The Rest of the Story
Speaker: The Rev'd Emily Griffin
Sermon – The Rest of the Story
St. Alban’s, DC – 2/28/21
Psalm 22:22-30 (BCP), Mark 8:31-38
He knows how it ends. Jesus, that is. Judging from the portion of Psalm 22 we just heard, with its call to praise reaching across space and time, from the dust of the grave to children yet unborn, you’d never guess how it starts. But Jesus knew. He knew the psalms like Christians know the Lord’s Prayer or the lyrics to “Amazing Grace.” After a lifetime in the synagogue as a faithful Jew, he likely could quote the psalms like we quote our favorite movies. Lines showed up in his conversations. They came unbidden – like the sayings of our grandmothers, with a wisdom we perhaps haven’t fully realized yet. So, in the moment when suffering had taken away everything else and the well had run dry, he used the words he had. In this Gospel anyway, Jesus quotes the opening line of today’s psalm on the cross: “My God, my God, why have you forsaken me?” They’re his last words, in fact. So how can a psalm that starts with loneliness, grief and pain turn like this with the words we have today, with a chorus of praise that rings through eternity? Maybe Jesus can get from here to there, but can we?
If there is a legitimate path from suffering to joy, from the seemingly endless body count of today to new life tomorrow, who better to help us find it than Jesus? And what better time than Lent? In today’s Gospel, Jesus finally speaks plainly about what’s going to happen to him. No secrets, no parables this time. For once, he’s clear. In just a few weeks, he is going to suffer, be rejected and killed by people who should know better. Only after that will he rise.
Peter and the others are no more prepared for this buzzkill than we would be. So far, they’ve only seen their ideal, their superhero Jesus – the one who heals diseases and stills storms and outwits everybody. He’s been smart and tough and powerful. Who wouldn’t want to follow him? They thought they were backing a winner who’d help them get their country back and gain the world, and yet here he turns and all but guarantees suffering and loss as the path to new life.
There are different kinds of loss, of course. Sometimes a short-term loss is just good strategy. We’re willing to forfeit a game when we have the rest of the season to make it up. We might even throw a fight or lose a battle as long as we know we can still win the war. That’s not what Jesus is talking about here. Human life is too precious to play with like that. Besides, he knows that the kingdom he’s bringing turns everything upside down. When he takes violence and greed and shame off the table from being used as weapons, what do the religious and political authorities have left? If health and wealth and education really don’t make us better than our neighbors, then how do we justify the disparities between us? If admission to the kingdom of God isn’t merit-based, then how do we prove our worth? When we can’t measure our success against others’ failures, the value of our achievements, our existence, comes into question. Jesus knew that removing our goalposts of value and strength and insisting on the equal value of every human life would eventually get him killed, but he stayed on the path anyway. Why? Because once we realize what doesn’t matter, we have a chance of living into what does.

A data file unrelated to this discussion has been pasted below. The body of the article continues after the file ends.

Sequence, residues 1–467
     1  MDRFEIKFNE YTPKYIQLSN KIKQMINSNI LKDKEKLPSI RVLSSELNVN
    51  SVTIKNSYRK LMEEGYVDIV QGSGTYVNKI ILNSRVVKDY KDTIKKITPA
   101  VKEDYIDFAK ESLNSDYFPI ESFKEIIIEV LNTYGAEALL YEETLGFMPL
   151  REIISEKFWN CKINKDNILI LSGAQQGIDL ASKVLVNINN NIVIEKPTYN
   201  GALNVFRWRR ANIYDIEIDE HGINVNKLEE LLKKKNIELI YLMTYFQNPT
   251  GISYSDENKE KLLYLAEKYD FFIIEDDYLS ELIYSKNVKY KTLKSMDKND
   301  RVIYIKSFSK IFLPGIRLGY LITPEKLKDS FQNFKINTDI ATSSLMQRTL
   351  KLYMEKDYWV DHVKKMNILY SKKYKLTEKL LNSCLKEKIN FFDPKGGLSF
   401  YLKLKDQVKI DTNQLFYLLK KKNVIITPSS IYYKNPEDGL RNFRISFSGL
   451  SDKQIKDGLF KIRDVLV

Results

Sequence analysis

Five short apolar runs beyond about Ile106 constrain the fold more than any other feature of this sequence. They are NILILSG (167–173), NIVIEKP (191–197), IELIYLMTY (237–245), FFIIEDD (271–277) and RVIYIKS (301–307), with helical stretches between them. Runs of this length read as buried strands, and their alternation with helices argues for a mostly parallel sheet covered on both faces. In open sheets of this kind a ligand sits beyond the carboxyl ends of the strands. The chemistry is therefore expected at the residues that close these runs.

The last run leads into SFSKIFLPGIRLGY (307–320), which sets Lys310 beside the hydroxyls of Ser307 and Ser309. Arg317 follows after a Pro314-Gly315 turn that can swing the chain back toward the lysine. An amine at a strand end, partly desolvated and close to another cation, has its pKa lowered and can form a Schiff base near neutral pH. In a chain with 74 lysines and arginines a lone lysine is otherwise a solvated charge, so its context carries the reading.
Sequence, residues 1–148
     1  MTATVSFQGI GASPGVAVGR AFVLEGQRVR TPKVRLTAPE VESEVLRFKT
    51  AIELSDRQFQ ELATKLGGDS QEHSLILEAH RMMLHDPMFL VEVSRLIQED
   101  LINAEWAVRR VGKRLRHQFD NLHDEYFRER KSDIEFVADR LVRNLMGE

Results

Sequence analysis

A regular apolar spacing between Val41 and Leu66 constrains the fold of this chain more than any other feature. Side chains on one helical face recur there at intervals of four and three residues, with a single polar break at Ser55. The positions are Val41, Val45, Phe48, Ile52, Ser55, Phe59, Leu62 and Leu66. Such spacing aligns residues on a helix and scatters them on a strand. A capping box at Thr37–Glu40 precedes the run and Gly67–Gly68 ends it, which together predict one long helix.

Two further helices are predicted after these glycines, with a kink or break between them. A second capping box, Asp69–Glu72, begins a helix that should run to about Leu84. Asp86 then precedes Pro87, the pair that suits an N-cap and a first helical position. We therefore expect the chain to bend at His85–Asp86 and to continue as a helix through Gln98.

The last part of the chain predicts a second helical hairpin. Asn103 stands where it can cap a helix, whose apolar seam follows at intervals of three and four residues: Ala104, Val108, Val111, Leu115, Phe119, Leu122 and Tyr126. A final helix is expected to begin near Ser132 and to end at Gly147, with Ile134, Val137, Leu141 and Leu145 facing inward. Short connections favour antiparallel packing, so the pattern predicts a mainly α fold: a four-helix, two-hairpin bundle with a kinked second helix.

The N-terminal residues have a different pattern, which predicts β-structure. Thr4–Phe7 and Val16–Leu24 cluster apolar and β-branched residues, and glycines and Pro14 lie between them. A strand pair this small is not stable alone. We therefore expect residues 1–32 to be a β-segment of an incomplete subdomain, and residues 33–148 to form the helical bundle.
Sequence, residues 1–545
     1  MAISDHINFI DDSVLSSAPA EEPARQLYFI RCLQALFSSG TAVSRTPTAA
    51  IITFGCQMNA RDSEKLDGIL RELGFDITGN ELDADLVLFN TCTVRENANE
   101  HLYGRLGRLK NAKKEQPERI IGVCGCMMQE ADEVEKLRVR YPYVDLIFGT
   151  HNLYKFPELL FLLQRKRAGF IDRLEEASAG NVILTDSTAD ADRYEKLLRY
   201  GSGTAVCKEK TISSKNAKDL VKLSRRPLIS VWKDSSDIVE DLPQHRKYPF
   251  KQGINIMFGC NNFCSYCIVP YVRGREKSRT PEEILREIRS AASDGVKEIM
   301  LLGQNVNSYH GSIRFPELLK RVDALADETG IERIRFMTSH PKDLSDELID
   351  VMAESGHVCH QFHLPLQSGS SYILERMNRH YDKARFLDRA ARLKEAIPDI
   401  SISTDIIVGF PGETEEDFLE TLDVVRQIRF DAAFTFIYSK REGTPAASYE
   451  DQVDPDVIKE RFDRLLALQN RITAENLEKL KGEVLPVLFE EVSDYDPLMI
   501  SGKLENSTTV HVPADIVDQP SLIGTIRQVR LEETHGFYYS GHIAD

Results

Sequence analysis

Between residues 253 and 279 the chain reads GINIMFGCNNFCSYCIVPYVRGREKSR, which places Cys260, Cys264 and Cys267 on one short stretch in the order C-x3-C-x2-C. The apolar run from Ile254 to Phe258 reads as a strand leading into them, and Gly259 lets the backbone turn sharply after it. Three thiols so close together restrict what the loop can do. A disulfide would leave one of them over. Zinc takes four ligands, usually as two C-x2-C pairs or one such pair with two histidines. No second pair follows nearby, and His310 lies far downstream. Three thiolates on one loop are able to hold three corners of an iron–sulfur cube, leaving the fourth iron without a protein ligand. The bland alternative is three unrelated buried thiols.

It’s a scary invitation, to lose what we think of as our life and identity for the sake of unconditional love, to deny ourselves center stage, but at least in this case we know what we’re losing. The alternative is even more frightening. Or as Jesus puts it in the King James Version: “For what shall it profit a man, if he gain the whole world, and lose his own soul?” The version we have talks about “forfeiting” our lives, but that implies that we know what we’re giving up.
In our focus on gaining the world and proving our value, in measuring our worth by the suffering we’ve avoided, we could lose our souls and not even know it. And what kind of life is that?
We’ll have plenty of time in the next several weeks to think about a life that is worth living, even in the face of death. We’ll consider the costs of living with integrity, of taking up our cross and being willing to suffer and grieve and love in solidarity with fellow children of God. But in the meantime, my original questions remain: Is there a path from suffering to joy that we can actually follow? If so, how do we get from here to there? I’m not sure we can answer these questions fully on this side of Easter. We may need to lose what we think of as our lives for a while in order to find them, and the only way I know how to do that is to follow Jesus.
Perhaps a clue can be found in the psalm we started with. In it we hear, “For God does not despise or abhor the poor in their poverty; neither does he hide his face from them; but when they cry to him, he hears them.” Perhaps that is how Jesus was able to cry “My God, my God” when every indication was that there was no God to cry to. A lifetime of praying this psalm in its fullness gave him hope that the truth was bigger than his feelings, that even his most hopeless cries could be heard. After all, he knows how this psalm ends – even if he can’t say it or even see it from the cross. When there’s not a way out, there is a way through – and because of the cross, we don’t have to face a single moment of it alone. In the Name of the One whose love reaches across space and time, from the dust of the grave to children yet unborn, Amen.